All signs show that your child is ready to be trained in potty: they are at the right age, and many of their peers are moving beyond nappies. But for some reason, your child does not have any of these things. Here are a couple of reasons your tot might hesitate to be a potty training — and what you can do about it.
Why do toddlers resist potty training?
Regulation is always the primary aim for a toddler. The more you recommend that they use the potty, the better they can handle it. Many toddlers are often scared of falling in, are afraid of the flushing device or the noise it creates when you flush the toilet.
What can you do if your toddler is refusing to potty train?
You can take several steps to help your child get into potty training and get out of this stubborn "I don't want to!" phase.
- Ease their fears - If your toddler is afraid of the toilet's flushing sound or falling in, support their arms while he or she balances on the seat (or use a potty seat), and refrain from flushing until they are out of the room, then gradually get them used to the sound.
- Make it your child's choice. Let your child know they can switch to underwear or pull-ups and use the potty whenever they want to, and that you're there to help whenever they ask.
- Offer control in other areas. If you give your child choices in what to wear or what to eat for lunch, they may feel less inclined to resist when it comes to the toilet.
- Provide an incentive. Without making a big deal of it, casually offer a surprise like stickers on a chart for any potty success without making a big deal of it, and give a reward after collecting a certain amount.
- Recruit help. Ask a neutral adult figure, such as your child's babysitter or grandparent, to put in a plug for the potty. Often a comment from an outside figure will have more of an effect than the pleadings of a parent.
- Be patient. Make it a non-issue and eventually your child will relinquish his diapers. (We promise, it will happen.)
Potty training is like walking or talking, a cognitive ability that children master at their own pace. That's worth repeating — when they're up, they'll do it, not when you're! Others are up for it before the age of 24 months, others only after age 3. Yet most fall somewhere in between.
Some kids swiftly take to using a potty, others take longer. As your child learns this new skill, it's common to have questions and face setbacks anyway. Speak to your health care provider about any issues or questions. Through potty training they will have helped many parents see their kids, and they can give you tips to make things easier for you and your child.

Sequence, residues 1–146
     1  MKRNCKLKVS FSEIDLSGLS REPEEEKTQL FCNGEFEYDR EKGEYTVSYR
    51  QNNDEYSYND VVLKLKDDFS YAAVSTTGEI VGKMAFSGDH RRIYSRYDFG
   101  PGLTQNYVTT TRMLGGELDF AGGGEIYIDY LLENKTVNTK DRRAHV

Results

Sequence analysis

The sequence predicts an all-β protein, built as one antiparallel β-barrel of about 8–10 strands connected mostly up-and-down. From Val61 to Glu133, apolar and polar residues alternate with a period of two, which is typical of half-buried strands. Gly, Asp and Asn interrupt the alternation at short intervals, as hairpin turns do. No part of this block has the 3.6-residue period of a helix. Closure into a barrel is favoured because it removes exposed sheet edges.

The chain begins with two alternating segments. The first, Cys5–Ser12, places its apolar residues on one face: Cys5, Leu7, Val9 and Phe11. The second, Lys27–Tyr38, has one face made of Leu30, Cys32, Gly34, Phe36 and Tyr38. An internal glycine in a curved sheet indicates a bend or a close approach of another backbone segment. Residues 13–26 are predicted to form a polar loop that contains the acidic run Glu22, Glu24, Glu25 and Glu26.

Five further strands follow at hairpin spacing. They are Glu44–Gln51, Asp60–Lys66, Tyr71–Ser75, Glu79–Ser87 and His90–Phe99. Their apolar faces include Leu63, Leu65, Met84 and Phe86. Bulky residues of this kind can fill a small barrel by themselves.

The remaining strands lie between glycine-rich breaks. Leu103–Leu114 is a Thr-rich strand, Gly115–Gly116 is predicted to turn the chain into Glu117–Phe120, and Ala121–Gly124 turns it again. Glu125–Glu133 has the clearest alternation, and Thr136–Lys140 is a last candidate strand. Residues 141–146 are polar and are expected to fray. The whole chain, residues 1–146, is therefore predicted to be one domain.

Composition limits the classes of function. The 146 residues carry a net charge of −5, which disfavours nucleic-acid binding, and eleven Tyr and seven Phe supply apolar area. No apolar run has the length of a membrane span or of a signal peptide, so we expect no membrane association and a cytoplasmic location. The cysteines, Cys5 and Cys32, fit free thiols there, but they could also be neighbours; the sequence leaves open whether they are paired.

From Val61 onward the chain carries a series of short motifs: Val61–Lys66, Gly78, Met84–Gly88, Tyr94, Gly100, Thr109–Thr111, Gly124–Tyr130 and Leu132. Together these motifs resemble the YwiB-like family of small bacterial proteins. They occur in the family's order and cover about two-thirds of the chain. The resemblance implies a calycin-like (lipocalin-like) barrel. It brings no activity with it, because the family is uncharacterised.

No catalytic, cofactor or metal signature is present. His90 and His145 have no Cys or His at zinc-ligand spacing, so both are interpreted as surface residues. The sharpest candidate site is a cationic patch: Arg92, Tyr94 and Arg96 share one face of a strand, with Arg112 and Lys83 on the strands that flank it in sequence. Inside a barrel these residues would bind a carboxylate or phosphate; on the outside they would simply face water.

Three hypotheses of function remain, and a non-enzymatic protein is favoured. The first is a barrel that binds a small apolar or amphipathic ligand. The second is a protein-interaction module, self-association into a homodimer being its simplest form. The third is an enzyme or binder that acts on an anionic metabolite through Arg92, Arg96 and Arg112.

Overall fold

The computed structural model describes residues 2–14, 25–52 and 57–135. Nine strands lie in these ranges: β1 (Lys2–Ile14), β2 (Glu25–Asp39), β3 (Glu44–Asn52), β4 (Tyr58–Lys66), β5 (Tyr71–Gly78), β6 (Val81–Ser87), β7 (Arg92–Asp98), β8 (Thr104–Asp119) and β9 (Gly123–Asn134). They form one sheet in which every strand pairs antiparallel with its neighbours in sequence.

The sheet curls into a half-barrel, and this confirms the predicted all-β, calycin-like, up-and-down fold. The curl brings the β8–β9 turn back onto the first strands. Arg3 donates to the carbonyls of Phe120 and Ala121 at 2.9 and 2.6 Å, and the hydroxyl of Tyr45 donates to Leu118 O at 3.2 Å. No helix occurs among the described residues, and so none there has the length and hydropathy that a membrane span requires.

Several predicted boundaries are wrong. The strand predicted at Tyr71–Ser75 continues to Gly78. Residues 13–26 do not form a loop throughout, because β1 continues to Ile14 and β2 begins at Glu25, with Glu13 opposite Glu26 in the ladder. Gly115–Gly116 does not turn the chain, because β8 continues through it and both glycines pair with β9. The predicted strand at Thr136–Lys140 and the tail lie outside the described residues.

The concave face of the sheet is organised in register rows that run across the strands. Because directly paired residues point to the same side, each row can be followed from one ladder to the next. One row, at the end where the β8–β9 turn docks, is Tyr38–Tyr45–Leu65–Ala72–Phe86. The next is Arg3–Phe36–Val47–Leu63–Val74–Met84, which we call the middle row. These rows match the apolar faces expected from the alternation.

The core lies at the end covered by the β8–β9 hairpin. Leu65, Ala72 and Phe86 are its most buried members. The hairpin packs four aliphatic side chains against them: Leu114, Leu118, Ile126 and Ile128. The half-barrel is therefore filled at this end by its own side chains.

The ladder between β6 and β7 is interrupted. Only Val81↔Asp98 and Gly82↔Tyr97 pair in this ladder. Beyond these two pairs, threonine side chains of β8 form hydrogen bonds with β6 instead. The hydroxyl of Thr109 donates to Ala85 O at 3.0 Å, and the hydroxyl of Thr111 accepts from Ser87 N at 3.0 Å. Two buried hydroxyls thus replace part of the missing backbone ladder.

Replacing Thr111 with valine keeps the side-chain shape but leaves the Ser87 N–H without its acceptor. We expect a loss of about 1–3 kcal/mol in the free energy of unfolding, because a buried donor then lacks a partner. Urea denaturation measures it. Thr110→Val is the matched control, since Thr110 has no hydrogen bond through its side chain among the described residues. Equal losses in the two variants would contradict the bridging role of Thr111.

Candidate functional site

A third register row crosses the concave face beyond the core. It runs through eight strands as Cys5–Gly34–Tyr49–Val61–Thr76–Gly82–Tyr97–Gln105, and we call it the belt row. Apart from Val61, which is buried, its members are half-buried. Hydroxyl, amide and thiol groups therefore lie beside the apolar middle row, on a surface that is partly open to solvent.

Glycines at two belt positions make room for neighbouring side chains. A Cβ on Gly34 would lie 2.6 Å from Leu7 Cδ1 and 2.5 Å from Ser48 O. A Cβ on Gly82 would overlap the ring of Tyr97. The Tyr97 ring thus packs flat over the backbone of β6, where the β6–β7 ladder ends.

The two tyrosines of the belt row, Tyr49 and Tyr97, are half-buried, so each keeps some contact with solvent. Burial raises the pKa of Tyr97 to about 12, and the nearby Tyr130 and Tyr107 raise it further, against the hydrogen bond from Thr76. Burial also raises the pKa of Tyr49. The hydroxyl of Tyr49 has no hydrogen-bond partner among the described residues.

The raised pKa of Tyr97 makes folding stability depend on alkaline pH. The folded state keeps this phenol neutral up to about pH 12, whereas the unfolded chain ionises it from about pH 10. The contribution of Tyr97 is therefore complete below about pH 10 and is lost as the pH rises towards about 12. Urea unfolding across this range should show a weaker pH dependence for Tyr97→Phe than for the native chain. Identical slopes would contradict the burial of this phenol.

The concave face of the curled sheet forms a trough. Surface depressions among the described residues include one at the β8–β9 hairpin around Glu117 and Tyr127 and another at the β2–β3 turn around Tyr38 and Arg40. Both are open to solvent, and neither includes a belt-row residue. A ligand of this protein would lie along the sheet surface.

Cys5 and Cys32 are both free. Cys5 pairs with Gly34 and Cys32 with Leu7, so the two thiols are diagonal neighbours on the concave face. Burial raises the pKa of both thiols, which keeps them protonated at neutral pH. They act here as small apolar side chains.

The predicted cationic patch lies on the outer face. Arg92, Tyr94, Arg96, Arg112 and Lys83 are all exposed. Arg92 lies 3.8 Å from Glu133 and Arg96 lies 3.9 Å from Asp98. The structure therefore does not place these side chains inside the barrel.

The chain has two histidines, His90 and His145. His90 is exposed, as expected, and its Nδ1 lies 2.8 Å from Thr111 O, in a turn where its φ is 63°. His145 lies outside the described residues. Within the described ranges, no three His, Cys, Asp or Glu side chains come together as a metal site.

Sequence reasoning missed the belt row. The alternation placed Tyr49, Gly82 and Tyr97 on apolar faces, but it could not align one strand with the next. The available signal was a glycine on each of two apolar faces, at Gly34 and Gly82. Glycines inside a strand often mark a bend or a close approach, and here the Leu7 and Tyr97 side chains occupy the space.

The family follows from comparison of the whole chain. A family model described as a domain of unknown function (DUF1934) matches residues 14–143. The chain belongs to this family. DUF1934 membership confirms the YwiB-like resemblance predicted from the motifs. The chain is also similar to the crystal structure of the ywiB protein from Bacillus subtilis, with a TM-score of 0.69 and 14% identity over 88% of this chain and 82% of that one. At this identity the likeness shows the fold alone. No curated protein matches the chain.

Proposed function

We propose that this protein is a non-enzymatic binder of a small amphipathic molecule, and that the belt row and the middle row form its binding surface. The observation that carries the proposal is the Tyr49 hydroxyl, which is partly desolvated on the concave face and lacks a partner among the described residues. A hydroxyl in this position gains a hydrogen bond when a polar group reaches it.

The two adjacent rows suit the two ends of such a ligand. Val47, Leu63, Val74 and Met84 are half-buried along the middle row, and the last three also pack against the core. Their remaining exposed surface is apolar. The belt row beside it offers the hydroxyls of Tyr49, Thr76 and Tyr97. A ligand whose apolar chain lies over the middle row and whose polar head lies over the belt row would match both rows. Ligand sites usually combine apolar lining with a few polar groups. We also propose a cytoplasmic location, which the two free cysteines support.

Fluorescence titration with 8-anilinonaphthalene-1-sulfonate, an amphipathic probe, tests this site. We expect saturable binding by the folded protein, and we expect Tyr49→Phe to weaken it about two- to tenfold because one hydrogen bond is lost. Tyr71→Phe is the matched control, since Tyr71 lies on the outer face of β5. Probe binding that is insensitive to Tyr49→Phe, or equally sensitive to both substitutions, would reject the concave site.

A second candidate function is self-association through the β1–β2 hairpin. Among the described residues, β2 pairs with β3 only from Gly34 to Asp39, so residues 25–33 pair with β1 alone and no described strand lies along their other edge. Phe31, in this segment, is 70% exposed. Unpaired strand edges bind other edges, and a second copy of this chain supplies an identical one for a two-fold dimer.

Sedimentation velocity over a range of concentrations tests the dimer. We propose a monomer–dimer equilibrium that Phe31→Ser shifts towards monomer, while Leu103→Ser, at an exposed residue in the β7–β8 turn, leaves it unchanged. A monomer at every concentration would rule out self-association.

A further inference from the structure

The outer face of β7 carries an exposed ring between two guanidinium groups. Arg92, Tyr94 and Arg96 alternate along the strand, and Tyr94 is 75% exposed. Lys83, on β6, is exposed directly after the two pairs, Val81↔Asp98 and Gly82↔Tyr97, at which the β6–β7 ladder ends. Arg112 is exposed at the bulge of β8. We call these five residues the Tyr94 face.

My child doesn't want to use the potty
Don't worry. Remember that your child will want to be dry sooner or later, for their own sake. If they start seeing potty training as a fight with you, that's going to be even harder. Leave a month or so of the potty training, then try again, slowly and calmly. A reward chart with stickers can help keep your child motivated.
My child keeps wetting themselves
You have 2 options here. You can go back to the nappies for a while and try again in a couple of weeks, or you can still leave the nappies off, but be prepared to change and wash a lot of clothes.
Whatever you do, don't let it bring down you or your kids, and don't put pressure on them. Speak to other parents about how they were dealing. Do not confuse your child too often by stopping and commencing potty training. If you do stop, leave it for a few weeks before you start again.
My child uses the potty sometimes, but has accidents other times
Accidents can occur for a while, so tell them how happy you are when your child makes use of the potty or manages to stay dry, even if it's for a short time. While incidents can be incredibly stressful, try not to show your child how you feel. Explain that next time you want them to use that potty. If your child starts thinking about making a mess, the problem can get worse.More About Potty Training: Read our ultimate guide to potty training.